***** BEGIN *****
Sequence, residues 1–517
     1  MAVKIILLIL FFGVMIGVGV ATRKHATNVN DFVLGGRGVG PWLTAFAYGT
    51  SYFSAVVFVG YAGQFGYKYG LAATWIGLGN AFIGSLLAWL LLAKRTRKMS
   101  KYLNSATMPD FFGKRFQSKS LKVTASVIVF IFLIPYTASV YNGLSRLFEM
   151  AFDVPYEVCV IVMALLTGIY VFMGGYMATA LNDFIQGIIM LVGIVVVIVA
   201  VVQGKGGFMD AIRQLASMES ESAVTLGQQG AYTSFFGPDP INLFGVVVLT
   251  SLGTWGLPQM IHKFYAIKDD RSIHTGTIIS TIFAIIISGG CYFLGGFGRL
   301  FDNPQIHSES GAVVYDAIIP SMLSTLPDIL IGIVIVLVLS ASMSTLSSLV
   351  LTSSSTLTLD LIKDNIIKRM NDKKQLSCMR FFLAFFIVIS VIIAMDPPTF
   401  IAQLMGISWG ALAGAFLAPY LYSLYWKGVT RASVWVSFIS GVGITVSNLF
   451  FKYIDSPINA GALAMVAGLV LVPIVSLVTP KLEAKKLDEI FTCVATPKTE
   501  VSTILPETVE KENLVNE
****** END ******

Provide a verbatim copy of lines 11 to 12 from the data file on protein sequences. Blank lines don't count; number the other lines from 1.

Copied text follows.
   451  FKYIDSPINA GALAMVAGLV LVPIVSLVTP KLEAKKLDEI FTCVATPKTE
   501  VSTILPETVE KENLVNE